This week's focus for my online class was 21st century learning. Looking at how far education has come and changed over the years. Classrooms today are, or should be, much different to those of a few decades ago. The neat rows of desks, the chalk board, and the teacher standing in front of her students lecturing for seven hours a day are long gone... or are supposed to be. And, are now supposed to be hubs of self-directed learning, critical thinking, creating, and the teacher being a facilitator to it all.
When I think back to my elementary school days, a mere two decades ago, I think of sitting on a carpet listening to my teacher quite a bit. I think of sitting at my desk listening to my teacher quite a bit. I think of working on an assignment, by myself, while the teacher walked around the room. I remember hearing the words "Open your book to page..." and listening as the teacher gave some information about what I was going to read, and then reading what I was directed to read. I remember then hearing the words "Answer the questions at the end of the reading" quite a bit.
I'm not talking about high school, either. I'm talking elementary. 3rd, 4th, 5th grades. High school was a little different, but not too much. Neatly lined rows of desks, giant text books, lectures, assigned reading and questions.
Do you know what I don't remember? What I learned when directed to do all of those things. I couldn't tell you right now when I learned to read or how I did it. I can't tell you when I learned to add and subtract or how I did it. I couldn't tell you when I first learned what a period was, or how to use it. No idea when I learned what a complete sentence was, how to write one, or how sentences worked together to form a paragraph. Don't have a clue. I know that I did learn that stuff, obviously, but what I learned and how I learned it isn't stored in my brain anywhere I can access it.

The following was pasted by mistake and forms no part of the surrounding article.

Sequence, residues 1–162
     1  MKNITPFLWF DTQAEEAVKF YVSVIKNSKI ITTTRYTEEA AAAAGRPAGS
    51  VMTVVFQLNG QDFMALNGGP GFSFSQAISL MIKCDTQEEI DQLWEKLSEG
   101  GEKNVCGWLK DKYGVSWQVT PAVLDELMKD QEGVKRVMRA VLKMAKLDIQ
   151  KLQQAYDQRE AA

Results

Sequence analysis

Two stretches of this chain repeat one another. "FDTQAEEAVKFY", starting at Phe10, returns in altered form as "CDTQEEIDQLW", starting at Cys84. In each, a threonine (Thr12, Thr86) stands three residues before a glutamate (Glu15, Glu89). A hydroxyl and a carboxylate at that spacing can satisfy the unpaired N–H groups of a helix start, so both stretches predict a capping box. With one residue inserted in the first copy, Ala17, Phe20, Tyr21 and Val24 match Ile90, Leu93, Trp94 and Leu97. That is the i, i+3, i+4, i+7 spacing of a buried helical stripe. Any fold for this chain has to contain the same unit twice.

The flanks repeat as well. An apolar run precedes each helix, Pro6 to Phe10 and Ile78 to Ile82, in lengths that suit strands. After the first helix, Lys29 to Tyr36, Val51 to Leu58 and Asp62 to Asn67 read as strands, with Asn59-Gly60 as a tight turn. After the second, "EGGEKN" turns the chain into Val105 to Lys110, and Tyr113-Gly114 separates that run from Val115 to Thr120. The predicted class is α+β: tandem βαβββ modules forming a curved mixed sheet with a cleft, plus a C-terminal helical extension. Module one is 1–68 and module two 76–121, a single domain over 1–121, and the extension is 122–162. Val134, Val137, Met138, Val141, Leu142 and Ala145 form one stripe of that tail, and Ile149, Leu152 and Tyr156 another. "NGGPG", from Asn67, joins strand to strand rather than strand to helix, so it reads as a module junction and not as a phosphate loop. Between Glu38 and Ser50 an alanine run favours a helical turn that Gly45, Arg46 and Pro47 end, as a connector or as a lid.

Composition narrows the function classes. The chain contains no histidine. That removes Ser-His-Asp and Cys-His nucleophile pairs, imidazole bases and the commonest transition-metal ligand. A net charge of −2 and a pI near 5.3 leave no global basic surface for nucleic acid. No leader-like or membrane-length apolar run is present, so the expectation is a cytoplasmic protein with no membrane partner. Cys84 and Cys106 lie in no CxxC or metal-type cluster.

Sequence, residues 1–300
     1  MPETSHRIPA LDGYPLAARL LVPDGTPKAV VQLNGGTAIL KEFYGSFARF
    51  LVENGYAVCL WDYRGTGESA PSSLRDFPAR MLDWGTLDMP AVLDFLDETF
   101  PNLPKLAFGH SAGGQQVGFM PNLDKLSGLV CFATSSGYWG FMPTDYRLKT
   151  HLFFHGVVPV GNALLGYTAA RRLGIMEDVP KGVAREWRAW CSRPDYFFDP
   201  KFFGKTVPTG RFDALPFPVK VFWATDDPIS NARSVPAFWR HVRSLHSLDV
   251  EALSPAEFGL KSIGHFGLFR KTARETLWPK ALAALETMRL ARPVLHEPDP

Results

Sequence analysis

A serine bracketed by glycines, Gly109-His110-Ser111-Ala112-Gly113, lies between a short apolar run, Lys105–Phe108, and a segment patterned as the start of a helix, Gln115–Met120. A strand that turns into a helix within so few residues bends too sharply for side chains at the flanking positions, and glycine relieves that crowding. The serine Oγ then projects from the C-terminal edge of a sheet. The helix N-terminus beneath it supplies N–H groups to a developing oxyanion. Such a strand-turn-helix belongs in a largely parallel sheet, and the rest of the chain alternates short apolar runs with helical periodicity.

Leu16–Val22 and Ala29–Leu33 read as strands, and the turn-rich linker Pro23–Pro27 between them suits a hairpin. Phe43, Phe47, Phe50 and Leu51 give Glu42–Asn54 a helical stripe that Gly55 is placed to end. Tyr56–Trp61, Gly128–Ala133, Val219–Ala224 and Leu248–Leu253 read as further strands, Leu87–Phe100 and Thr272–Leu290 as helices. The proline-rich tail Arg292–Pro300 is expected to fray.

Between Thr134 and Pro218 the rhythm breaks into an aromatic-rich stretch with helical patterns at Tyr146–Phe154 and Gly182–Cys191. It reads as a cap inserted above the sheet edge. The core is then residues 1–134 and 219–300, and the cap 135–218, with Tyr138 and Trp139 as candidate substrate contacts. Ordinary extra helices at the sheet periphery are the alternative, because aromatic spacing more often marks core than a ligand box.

Do you know what I do remember about elementary school? I distinctly remember listening to my teacher read us Charlotte's Web. I remember learning about farm animals and spiders, their habitats, what they eat, and their purposes in the world. I distinctively remember learning that pigs are unable to cool themselves, so they wallow in mud in order to cool down. I remember learning how spiders used their webs to catch their pray, and how beneficial spiders are in keeping the bug population down. I remember learning about friendship, and how my teacher would make us play silly games in order to depend on each other. I remember making connections to Fern, and how some of boys identified with Avery. I remember thinking about what life was like living on a farm, in the country, and comparing how different life would be to living in the city. I remember writing about my thoughts on the book, my history of friendships, and writing my own little stories about farm animals. I still, to this day, remember the story I wrote about Baa-Baa the black sheep, and how he would make so much wool that all of the other sheep on the farm made fun of him. Think Rudolf Red Nosed Reindeer meets the nursery rhyme "Baa Baa Black Sheep". Baa-Baa ended up becoming the hero by saving the farm with how much wool he made so that the farmer could sell it in order to have money to feed the other animals.